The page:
Determine Your Target Audience
Showing the right message to the right people is an important factor in Facebook advertising success. By establishing a clear picture of who the intended audience is, it will help you create copy and visuals that will appeal to these audiences and, therefore, create more effective ads. It also decreases the odds you’ll waste your ad spend on uninterested audiences.
Facebook’s advanced targeting system that allows you to target people based on demographic, interests and behavior. You can target the people who are likely to be interested in your brand based off interests that they have expressed in the past and other data that Facebook has collected.
Proper audience targeting should be based on your target market research collected through interviews, surveys, website and email marketing analytics, social media audience insights or social listening.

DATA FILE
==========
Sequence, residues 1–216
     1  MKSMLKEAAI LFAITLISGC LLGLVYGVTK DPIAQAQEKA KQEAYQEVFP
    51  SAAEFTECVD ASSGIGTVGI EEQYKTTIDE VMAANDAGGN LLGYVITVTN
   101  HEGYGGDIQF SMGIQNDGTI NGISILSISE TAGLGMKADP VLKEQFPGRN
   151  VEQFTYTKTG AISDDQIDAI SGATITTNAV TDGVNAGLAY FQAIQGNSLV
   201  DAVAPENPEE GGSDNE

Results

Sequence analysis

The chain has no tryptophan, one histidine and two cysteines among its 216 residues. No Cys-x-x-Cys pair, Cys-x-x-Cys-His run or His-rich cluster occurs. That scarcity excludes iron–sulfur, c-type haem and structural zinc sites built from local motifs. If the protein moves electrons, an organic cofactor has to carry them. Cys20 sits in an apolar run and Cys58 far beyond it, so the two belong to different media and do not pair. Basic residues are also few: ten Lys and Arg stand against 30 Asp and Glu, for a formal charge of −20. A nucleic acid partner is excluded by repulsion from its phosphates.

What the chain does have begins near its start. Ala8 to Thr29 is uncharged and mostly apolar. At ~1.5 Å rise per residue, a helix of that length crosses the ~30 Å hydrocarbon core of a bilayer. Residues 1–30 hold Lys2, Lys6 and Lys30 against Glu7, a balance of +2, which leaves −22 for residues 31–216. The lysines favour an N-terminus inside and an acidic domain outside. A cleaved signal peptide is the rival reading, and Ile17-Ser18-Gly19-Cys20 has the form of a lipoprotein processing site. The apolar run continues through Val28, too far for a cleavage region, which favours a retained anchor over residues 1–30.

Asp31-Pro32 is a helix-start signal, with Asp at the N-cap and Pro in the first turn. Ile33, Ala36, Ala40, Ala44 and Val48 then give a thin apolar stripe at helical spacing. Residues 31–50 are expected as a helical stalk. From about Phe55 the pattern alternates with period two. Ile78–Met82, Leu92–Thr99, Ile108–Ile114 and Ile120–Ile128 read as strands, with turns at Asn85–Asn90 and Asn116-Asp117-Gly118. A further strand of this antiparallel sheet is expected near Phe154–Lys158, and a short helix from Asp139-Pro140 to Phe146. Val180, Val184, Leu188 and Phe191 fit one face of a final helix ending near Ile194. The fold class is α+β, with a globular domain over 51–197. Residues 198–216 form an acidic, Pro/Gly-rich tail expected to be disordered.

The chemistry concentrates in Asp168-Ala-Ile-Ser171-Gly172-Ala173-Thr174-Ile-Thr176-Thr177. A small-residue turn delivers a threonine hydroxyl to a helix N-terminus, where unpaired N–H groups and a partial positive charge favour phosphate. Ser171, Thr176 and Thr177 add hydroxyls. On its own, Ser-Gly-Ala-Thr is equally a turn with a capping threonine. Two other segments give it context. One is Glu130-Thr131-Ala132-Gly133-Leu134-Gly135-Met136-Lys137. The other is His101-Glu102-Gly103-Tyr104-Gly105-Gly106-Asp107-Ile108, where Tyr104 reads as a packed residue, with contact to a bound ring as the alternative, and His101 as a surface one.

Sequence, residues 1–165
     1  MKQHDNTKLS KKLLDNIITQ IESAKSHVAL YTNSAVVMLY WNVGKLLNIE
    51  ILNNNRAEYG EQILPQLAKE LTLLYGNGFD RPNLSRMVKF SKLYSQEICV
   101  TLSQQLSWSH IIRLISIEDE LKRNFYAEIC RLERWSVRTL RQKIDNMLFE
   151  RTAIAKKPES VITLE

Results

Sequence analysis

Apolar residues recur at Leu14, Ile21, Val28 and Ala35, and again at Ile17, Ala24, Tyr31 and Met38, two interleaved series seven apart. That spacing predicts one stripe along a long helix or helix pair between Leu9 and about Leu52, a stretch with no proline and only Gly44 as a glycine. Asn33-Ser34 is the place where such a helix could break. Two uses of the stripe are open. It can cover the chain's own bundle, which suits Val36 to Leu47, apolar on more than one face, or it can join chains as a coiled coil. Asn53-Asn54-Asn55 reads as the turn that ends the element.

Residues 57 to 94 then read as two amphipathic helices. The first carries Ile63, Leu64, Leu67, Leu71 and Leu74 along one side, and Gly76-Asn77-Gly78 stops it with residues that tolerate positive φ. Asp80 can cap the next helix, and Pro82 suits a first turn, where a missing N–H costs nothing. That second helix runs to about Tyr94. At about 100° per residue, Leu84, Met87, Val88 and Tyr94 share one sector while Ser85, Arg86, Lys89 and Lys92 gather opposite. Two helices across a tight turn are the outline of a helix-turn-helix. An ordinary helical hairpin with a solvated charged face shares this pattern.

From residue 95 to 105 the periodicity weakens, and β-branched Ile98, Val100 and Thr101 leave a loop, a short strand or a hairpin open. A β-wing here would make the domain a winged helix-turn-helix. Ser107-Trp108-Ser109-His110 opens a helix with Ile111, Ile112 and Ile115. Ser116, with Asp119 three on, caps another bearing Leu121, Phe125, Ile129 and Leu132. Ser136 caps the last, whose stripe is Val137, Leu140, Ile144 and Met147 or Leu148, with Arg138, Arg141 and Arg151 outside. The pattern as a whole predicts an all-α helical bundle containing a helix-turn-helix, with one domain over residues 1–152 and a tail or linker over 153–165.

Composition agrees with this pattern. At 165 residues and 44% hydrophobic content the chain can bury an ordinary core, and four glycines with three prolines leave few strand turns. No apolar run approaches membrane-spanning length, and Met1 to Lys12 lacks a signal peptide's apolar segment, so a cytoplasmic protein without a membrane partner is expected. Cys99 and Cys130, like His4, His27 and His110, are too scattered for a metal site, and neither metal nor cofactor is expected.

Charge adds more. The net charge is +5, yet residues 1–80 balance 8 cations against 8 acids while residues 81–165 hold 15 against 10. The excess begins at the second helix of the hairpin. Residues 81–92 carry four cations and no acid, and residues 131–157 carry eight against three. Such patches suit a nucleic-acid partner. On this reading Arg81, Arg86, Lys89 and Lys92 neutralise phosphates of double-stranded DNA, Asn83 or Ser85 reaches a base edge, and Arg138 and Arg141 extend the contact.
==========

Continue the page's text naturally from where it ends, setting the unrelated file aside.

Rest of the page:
Facebook also allows you to upload your customer list or email list and then build a ‘Lookalike’ audience, where the Facebook algorithm will identify people with similar interests, habits, and behaviors as your current customers.
Segmenting your target audience into multiple groups that share similar needs or characteristics can make your marketing more personal and relevant.